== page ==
As in, the one I’ve been traveling on has been: good hearted, naïve, scary, needy, all consuming, stressful, unique, powerful, bumpy, lonely, beautiful, barren, intoxicating, infuriating, brilliant and breathtaking. I am not at the end of this road, not even half way through it…however, tonight I am celebrating the particular destination I have decided to take a rest in, no, landed in. It reminds me of my trip to Morocco. Mother Africa through a glorious port in the north. I irrationally, inexplicably burst out in tears and dropped to my knees on the deck of the “fast ferry” boat I was on. I remember the feeling of raindrops on my face and my overwhelming reaction to the fact that I was about to be in Africa. I believe I was also in the middle of healing a bruised heart. Bruised from the blast back of having to break someone else’s (albeit totally unrealistic) dreams of a life with me. I also had unrealistic, unrequited feelings for another. I cried that day on the helm of that fast ferry for all of us, including mother Africa. Then I asked the customs agent not to stamp my passport (he did anyways – which is fine because I didn’t really have a good reason for asking in the first place, just wanted to feel mysterious I think). So yes, the road to Africa, for me, consisted of a walk (I was running), a wait (I was talking), a bus ride (I was sleeping) and a boat ride (I was crying). When I actually arrived in Africa I was CALM. I was HOME. I haven’t ever really questioned why I felt so at home, so in love, so alive. All I know is that once in Africa, on the bus ride to the big white city, we made a stop at a rest area. This rest stop was different than any I had ever been in. There were beautiful old trees that canopied the entire area. There was a light music playing on speakers and special washbasins to rinse off your face. There was an old man and a shared sandwich and an apple to keep me company and satiated. There was an emphasis on my personal comfort like none other I have felt before that moment or since then. It was just a roadside rest stop – but it reminds me of where my life is right now, minus Africa, the old man and the neat washbasins.
How I Feel About Paris Today
I feel closer than ever to Paris. One of my dear friends will be in Paris in two weeks time and I am so excited for him. I have helped and planned and been way too involved in someone else’s trip to Paris than what is normal, but I feel good about it. I am back to my old ways of apartment surfing Paris apartments – but this time with a vacation in mind. A vacation during which I will be able to evaluate what my dreams are – and how much I am willing to sacrifice for that city. It is good and natural and exactly what I should be doing. I miss Paris today, but Atlanta’s not feeling so bad either. There are big sweeping pink, white and purple trees adorning the green hue of the lake that reflects the city’s beautiful skyscrapers. Yea, I feel good about everywhere today.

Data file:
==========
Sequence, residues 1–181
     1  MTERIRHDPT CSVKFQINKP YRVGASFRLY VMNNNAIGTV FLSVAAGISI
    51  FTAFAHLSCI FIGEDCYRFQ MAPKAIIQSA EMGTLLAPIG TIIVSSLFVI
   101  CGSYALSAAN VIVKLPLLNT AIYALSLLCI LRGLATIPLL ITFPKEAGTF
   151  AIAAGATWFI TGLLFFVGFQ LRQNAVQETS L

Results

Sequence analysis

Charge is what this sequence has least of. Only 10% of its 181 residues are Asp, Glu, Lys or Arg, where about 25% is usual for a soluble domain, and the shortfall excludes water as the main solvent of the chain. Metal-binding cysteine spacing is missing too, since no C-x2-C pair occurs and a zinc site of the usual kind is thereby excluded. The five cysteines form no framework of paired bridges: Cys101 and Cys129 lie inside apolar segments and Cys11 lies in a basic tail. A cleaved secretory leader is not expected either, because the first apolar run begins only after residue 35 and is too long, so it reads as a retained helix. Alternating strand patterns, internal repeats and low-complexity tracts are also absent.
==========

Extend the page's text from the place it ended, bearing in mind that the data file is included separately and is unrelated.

May 25th 2004
Now on the bus on my way to casa I know for sure that I wasn’t ready before. Now I am ready, readier than ever. The bus just stopped at an “aire de repos” – rest stop. I ate a great sandwich and split an apple with this older man who has been guiding me since the bus stop in Fuengirola. We were the first ones waiting for the bus. We walked and he showed me the medina in Tangier and we had mint tea at a café where the bathroom was obviously never meant for a woman to use, but I did. It was utterly disgusting, but I guess I am a stronger person for doing it. He is an angel, this man. I feel that his presence was sent to me to help me along my way. I am happy and relaxed here. I am exactly where I need to be in this moment. Africa- Morocco, wide one spaces, fields of sunflowers and wild yellow, red and purple flowers growing on the side of the road. Vast expanses of blue Atlantic Ocean. Finally I am ready for you Morocco. I know I wasn’t before; it would have been too much. I had to have that Moroccan woman in Lille call me the devil first and I had to be prodded at by those women in the Paris suburbs. I had to make peace with my relationship with B, Youssef had to break my heart. Haq had to be deported and Natalia had to be considering marrying her Moroccan boyfriend and moving here – just like I was so many years ago. All of this had to happen first. And now I am ready for the intrusive stares from the older women and the men hissing. Every conversation I hear in Arabic sounds like it’s about to break into a fight and then I realize they are not on the verge of violence but laughter – maybe violence too – who knows – maybe it’s the same kind of emotion that drives it all. I can’t remember a time in my life when I’ve felt more where I’m supposed to be is where I’m at. My precious words have returned to me.